There was no reason to believe, in my wildest dreams, that the life that I would live was even remotely possible. I had no college; I did not even have a high school diploma, after being the first senior to fail in twenty years. Described as a daydreamer without direction I had little interest in school. I tried to join the Air Force before graduation but failed. In November 1950 the Korean War was continuing, I was 18 now and received a telegram accepting me into the Air Force. Three years later, while I was overseas I took and passed a GED test with high grades, my high school approved and gave me a diploma. Getting an education as an aircraft machinist in the service helped me later when being hired by United Airlines and once again, I was close to aviation. I learned to fly on the G.I. Bill and went on to fly as a pilot with several airlines. Changing of airlines after furloughs, shutdowns, or my own decisions most often led me to make the move as a captain. Unbelievably I did this 6 times between 1963-1992. The majority of experienced pilots will say "Impossible". Tell them to read this book. You can also mention that I was a "MEC" (Master Executive Chairman) and a Director of ALPA (Air Line Pilots Association) until deregulation went into affect in 1978; and the world of the lifetime airline job disappeared. Many did not believe it then, all believe it now.
I once had a retired U.S. Navy Admiral sent to accompany me from a hotel to the offices of an aircraft manufacturer. Since he knew I had been hired over the phone, he asked me how I knew Captain McCabe, the Chief Pilot, and I replied, "He was my instructor on the DC-9-32CF about 12 years ago". He asked me what aircraft I had flown in the service. My answer was to tell him that the U.S. Air force would not let an Airmen 2nd class fly their airplanes. He wondered aloud why I would be chosen to be a DC-10 Production Test Pilot. I ventured that "Because I am rated and experienced in that aircraft, with considerable international experience and over 20,000 hours of large aircraft time." He said, "Welcome Aboard."
Did you ever have any close calls' is one of the favorite questions people ask. I am sure that what they are really asking for are split second life or death scary decisions that must be made quickly and accurately or that almost killed you. The answer is yes, but not in airline operations.
Most things that happen develop over time, an increasing headwind that increased unbelievably to 250 knots enroute to Hilo Hawaii from Oakland California. I had watched it on our INS navigation units and had heard it on HF radio from reports of other aircraft. Eastbound TWA was calling San Francisco Airinc with record ground speeds and Westbound Pan Am had rejected Honolulu's request to change altitude since he could justify continuing as long as the present conditions stayed the same or better. We were 20 minutes from our ETP when one of my favorite engineers, a Polack started to tell me a Polack joke. Before he got to the punch line, he had caught a glimpse of the number 3 INS on the overhead and quickly swiveled his seat back to his panel. When he turned back, he asked me how much fuel I thought we would have on landing. I told him Zero. He said, "You know." I told him what I had been observing over the last 45 minutes. The co-pilot was now coming into it also. They both said, "What are you going to do. I suggested that we wait until our flight plan ETP for the record, and to give it a small chance of changing and then request a reverse course to Oakland exercising our emergency authority. We did all that and made the necessary calls to company "Flight Following." We had no sooner finished than a flight attendant knocked and came in with a story about a passenger who had been sipping wine all night and was claiming we had turned around. I suggested that winos do not always get the credit they deserve and told her our situation and not to talk about it for a minute until I talk to the passengers. Later San Francisco called and relayed a message from AirSea rescue that they would standby if needed considering it a fuel emergency. I suggested that at our new ground speed, of about 730 knots now Eastbound we could safely make at least Salt Lake City, maybe Denver but we were really good for Oakland.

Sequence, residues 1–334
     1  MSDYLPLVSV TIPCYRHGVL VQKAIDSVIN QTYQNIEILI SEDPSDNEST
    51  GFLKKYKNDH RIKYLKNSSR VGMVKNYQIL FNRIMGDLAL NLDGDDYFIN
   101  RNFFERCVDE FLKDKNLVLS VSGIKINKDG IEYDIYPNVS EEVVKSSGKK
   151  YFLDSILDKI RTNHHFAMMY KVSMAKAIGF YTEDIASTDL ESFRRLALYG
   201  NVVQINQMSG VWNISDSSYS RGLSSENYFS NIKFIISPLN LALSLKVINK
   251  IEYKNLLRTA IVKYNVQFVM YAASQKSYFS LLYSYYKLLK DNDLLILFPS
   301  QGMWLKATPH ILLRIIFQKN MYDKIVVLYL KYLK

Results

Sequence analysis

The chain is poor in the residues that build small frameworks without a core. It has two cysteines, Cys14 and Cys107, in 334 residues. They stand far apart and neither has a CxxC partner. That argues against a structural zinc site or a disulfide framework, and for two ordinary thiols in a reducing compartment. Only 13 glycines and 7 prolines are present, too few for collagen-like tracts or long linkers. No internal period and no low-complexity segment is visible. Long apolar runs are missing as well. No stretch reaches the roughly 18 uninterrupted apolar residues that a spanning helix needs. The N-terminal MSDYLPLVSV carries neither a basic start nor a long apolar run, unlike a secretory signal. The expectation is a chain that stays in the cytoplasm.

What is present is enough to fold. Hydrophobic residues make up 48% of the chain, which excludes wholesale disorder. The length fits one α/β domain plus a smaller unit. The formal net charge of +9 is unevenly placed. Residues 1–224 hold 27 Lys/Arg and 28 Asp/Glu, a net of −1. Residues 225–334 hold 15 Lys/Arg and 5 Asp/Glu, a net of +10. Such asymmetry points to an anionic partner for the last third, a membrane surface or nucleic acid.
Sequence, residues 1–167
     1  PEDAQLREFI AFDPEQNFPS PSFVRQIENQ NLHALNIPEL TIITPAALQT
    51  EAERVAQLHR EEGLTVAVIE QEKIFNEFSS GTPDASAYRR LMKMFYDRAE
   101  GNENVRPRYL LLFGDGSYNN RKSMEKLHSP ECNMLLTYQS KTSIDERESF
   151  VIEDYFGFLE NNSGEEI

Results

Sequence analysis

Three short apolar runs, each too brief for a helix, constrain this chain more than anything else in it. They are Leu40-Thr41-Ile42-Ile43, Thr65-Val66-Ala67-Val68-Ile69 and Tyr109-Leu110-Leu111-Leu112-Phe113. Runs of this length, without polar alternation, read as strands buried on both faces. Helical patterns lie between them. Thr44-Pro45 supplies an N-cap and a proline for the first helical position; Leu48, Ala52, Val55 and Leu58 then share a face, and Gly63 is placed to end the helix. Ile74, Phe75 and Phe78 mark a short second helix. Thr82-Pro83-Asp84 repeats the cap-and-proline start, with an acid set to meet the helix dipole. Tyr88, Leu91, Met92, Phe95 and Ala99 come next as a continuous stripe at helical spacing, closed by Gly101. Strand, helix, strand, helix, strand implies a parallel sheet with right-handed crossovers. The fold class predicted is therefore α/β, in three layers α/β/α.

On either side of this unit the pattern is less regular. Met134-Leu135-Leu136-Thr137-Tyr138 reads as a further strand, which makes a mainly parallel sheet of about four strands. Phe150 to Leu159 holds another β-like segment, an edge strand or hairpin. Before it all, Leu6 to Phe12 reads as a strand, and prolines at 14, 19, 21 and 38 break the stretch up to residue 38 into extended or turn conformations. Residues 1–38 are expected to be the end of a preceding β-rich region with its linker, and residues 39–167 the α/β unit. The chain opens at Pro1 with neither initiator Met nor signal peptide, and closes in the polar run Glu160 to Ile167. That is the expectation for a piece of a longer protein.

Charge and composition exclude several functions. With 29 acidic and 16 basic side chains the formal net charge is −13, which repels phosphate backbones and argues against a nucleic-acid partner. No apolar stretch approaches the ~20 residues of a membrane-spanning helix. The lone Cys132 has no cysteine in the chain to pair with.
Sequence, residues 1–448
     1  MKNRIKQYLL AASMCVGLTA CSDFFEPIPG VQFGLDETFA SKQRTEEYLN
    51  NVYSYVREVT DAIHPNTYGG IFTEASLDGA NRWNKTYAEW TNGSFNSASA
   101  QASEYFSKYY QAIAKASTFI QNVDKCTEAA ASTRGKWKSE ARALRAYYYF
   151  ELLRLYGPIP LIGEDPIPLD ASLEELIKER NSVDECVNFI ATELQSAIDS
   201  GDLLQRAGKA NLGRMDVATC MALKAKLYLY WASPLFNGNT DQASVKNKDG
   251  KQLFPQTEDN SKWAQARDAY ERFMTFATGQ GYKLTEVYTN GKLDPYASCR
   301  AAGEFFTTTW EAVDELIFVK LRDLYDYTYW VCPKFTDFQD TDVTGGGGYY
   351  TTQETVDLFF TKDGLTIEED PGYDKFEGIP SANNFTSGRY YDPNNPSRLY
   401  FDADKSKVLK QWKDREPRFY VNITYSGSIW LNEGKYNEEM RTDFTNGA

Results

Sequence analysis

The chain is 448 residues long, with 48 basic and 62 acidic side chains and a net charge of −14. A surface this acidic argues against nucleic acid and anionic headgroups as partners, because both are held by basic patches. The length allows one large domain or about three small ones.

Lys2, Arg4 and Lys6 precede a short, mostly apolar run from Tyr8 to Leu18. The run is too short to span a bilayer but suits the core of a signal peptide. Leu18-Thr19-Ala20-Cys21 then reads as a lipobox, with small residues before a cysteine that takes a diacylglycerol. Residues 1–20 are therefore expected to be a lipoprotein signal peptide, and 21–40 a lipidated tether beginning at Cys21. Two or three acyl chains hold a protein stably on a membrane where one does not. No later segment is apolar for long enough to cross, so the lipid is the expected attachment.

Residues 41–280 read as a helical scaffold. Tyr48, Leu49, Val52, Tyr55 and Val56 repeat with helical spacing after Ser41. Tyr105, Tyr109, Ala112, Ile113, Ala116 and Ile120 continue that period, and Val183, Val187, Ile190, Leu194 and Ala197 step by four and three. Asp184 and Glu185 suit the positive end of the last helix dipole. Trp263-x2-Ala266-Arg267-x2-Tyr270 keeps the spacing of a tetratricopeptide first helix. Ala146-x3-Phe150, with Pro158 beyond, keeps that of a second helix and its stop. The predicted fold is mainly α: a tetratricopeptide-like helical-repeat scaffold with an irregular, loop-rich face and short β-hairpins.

A routine flight from N.Y. to London provided a gradual build up of tensions when new weather came out showing Western Europe and England going down in fog. Stansted Airport went Zero Zero in fog. Quickly requesting Gatwick we were vectored in that direction until notified that Gatwick was Zero Zero. We requested Heathrow, the same. We then requested the closet airport with suitable landing minimums. They came back with Luton Airport as having 300 feet overcast and 2 miles visibility but falling. Wondering if the runway was strong, enough we asked if any airlines operated out of there. Told that Monarch Airlines flying Lockheed 1011s' were based there, we got our charts out and checked the ILS and runway length anyhow. Just then, London said everything appeared down but Luton and it was doubtful for long. Finely on a radar vector for Luton the ceiling went down to 200 feet and one half mile. I briefed the crew that I planned to land regardless of the weather, "Any questions gentlemen because our situation can only get worse?" "No questions captain." We were cleared to land. At 200 feet we had the runway, we landed, the rollout had patchy fog. A close call, not this time.